Now that adult-use marijuana is legal in New York State, questions arise about people on probation or parole being able to partake. People who were previously convicted of marijuana offenses have had their records expunged, but what about people who go to jail for other offenses. Are they able to smoke weed or use cannabis products while they are out on bail? New York State law thankfully provides a clear cut answer to those questions,

Photo by Ahmed Zayan on Unsplash
Photo by Ahmed Zayan on Unsplash
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Section 127 of New York State Law (Protections for the use of cannabis; unlawful discriminations prohibited) says,

A person currently under parole, probation or other state supervision, or released on recognizance, non-monetary conditions, or bail prior to being convicted, shall not be punished or otherwise penalized for conduct allowed under this chapter unless the terms and conditions of said parole, probation, or state supervision explicitly prohibit a person's cannabis use or any other conduct otherwise allowed under this chapter.

Photo by Alessandro Zambon on Unsplash
Photo by Alessandro Zambon on Unsplash
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The law goes on to say,

A person's use of cannabis or conduct under this chapter shall not be prohibited unless it has been shown by clear and convincing evidence that the prohibition is reasonably related to the underlying crime. Nothing in this provision shall restrict the rights of a certified medical patient.

Photo by Dad Grass on Unsplash
Photo by Dad Grass on Unsplash
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So, unless marijuana specifically relates to the crime a person committed, they are allowed to use cannabis or marijuana products. A person who is authorized to use medical marijuana cannot be tested for marijuana, even if it is related to the crime, according to a directive from New York State's Corrections and Community Supervision,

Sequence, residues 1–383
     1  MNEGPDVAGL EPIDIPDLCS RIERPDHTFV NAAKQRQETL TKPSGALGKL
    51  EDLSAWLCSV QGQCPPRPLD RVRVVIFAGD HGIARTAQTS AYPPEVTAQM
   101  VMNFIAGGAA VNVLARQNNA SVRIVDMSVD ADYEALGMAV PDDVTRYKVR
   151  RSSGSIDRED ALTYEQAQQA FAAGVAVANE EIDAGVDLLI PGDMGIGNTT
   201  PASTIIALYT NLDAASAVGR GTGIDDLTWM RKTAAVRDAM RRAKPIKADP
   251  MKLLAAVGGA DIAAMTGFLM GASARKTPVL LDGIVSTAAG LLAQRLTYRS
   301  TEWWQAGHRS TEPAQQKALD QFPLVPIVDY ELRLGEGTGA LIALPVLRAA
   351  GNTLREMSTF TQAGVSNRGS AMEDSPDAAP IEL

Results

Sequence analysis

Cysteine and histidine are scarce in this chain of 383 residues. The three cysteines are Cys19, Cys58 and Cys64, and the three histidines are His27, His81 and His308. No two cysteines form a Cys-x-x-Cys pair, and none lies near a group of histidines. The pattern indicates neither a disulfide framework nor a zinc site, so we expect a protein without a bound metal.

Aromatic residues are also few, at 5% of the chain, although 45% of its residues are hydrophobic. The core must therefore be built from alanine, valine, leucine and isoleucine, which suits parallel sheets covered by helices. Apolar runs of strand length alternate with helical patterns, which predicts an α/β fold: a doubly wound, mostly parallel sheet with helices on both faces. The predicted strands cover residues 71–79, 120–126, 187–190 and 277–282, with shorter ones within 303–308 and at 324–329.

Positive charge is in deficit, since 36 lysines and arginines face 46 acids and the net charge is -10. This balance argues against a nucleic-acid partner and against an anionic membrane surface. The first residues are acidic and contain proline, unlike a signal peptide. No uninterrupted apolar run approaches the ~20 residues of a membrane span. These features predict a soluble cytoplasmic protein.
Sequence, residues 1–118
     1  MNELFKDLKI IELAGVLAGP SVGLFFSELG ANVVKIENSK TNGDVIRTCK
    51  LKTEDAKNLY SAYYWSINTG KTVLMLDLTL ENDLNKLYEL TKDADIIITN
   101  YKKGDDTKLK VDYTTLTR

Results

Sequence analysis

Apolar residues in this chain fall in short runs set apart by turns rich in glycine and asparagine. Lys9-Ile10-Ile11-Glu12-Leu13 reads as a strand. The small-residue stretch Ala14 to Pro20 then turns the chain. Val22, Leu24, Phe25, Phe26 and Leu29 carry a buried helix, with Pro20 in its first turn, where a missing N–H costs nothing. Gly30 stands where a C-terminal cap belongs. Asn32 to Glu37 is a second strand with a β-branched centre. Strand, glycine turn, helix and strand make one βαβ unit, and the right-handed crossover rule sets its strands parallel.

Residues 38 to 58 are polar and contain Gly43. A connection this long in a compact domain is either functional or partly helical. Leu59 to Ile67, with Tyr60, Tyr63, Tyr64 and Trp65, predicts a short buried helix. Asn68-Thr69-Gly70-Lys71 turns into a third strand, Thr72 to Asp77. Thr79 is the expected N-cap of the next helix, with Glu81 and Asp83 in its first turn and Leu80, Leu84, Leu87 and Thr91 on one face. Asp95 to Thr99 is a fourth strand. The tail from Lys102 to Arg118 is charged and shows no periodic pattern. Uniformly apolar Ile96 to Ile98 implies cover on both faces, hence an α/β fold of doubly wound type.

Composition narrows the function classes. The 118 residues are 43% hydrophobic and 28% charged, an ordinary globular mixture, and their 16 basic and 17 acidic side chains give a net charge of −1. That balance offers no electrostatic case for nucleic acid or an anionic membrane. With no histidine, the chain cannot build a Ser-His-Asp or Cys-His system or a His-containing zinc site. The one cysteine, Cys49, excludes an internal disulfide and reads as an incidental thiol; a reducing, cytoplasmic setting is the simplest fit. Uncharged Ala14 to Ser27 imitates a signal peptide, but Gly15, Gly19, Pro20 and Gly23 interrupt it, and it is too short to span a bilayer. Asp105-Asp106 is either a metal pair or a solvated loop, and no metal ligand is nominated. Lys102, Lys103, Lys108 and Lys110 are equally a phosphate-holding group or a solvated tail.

Nothing shall restrict the rights of a certified medical patient. If a parolee is a "certified medical patient," no special condition prohibiting cannabis usage can be imposed, nor can the parolee be drug tested for cannabis even when cannabis use is reasonably related to the underlying crime. Currently, there is no definition in the law as to what constitutes a "certified medical patient." Therefore, until further notice, anyone who is under the care of a physician and is prescribed cannabis in their medical treatment will meet the definition.

New York State Farmers Can Begin Growing Marijuana This Year

Farmers in New York State can begin to grow cannabis in 2022. Governor Kathy Hochul signed legislation today, February 22, 2022, which will allow them to start growing the crop this season. The law creates a new Conditional Adult-use Cannabis Cultivator license, which existing New York hemp farmers can apply for. The famers will have to meet certain requirements.

Governor Hochul said,

"I am proud to sign this bill, which positions New York's farmers to be the first to grow cannabis and jumpstart the safe, equitable and inclusive new industry we are building. New York State will continue to lead the way in delivering on our commitment to bring economic opportunity and growth to every New Yorker in every corner of our great state."

The conditional license will allow New York farmers to grow marijuana outside or in a greenhouse for up to two years following their conditional adult-use cannabis cultivation licensure. The law also allows farmers in the state to,

manufacture and distribute cannabis flower products without holding an adult-use processor or distributor license, until June 1, 2023. Cultivators are limited to one acre (43,560 square feet) of flowering canopy outdoors or 25,000 square feet in a greenhouse and can use up to 20 artificial lights. They can also split between outdoor and greenhouse grows with a maximum total canopy of 30,000 square feet as long as greenhouse flowering canopy remains under 20,000 square feet.

The Office of Cannabis Management will develop the license application and begin the process as soon as possible.

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